So much for the new theatre, and now for the new actress. Miss Neilson, who made her début on Wednesday afternoon at the Lyceum, did so at the request of Miss Anderson, to whom Miss Neilson was introduced by Mr. Gilbert. Mr. Gilbert is flooded with applications for engagements and recommendations by aspiring young ladies and gentlemen. "They come to me in shoals," said the playwright, with a sigh. "I make a point of seeing them all, and if they are prepared with any recitation, I hear them recite. But it very seldom happens that a novice shows sufficient promise to justify me in encouraging him or her to abandon a certain income, however moderate, for the lottery of the stage. Miss Neilson came to me with a very strong letter of introduction from Mr. Joseph Barnby, and as I had faith in that gentleman’s judgment I looked forward with some curiosity to the interview. I saw in Miss Neilson a young lady of commanding stature and very striking beauty—a type of beauty peculiarly suited to the stage, as it consists as much in expression as in feature. The young lady took off her hat and ulster and began to recite the speech in which Galatea describes her vivification, and I saw in her at once--or believed that I saw—great and exceptional promise of future excellence as an emotional actress. She has much to learn, but she is endowed with a fine presence, a most musical intonation, a highly expressive face, and a singular breadth of gesture. I think she will develop into a valuable actress in a few years’ time; at present she is nothing but a novice of a highly promising description."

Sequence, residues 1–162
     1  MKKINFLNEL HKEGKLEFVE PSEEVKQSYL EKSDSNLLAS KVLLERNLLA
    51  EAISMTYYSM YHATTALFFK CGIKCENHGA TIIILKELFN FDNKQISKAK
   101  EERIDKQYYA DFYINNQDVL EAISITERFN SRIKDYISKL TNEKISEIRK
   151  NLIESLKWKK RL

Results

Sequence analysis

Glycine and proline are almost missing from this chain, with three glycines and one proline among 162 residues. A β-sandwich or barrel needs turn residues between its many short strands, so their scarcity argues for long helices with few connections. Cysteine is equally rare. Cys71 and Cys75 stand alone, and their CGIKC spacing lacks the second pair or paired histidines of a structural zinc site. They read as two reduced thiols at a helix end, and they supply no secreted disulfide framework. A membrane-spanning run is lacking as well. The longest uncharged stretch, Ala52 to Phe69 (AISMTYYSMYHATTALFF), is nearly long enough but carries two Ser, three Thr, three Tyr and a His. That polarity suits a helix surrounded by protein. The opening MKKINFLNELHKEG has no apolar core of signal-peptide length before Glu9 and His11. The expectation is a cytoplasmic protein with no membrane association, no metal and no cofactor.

Miss Neilson, a pupil of Signor Randegger, is also a very distinguished student of the Royal Academy of Music, having gained the Sainton-Dolby Scholarship, the Wilberforce Scholarship, the Llewellyn Thomas prize, a medal for elocution, and many other distinctions. Her singing voice, a soprano, is extremely beautiful, but she is very young, and her instructors consider that it will not be in a condition to stand continuous usage for some two years to come. She sings from time to time at the Albert Hall in oratorios, but at present the hard work of the operatic stage would try the endurance of her voice too severely. And so it comes to pass that she is to be an actress. Mr. Gilbert is so struck with the young lady’s abilities that he is writing an original play for her—an enormous favour, as every one in the theatrical world knows very well.
"WHAT! HAVE WE QUARRELLED AGAIN?"
"Is it true," I asked Mr. Gilbert, "that there are to be no more new operas at the Savoy?" "What! Have we quarrelled again?" queried Sir Arthur Sullivan’s collaborateur.
"They say so, Mr. Gilbert. The old story—lies again, I suppose?" Mr. Gilbert smiled a little sardonically, and told me that he had the first act finished of the opera, the scene of which is to be laid in the Tower of London. Sir Arthur is now at work on the score.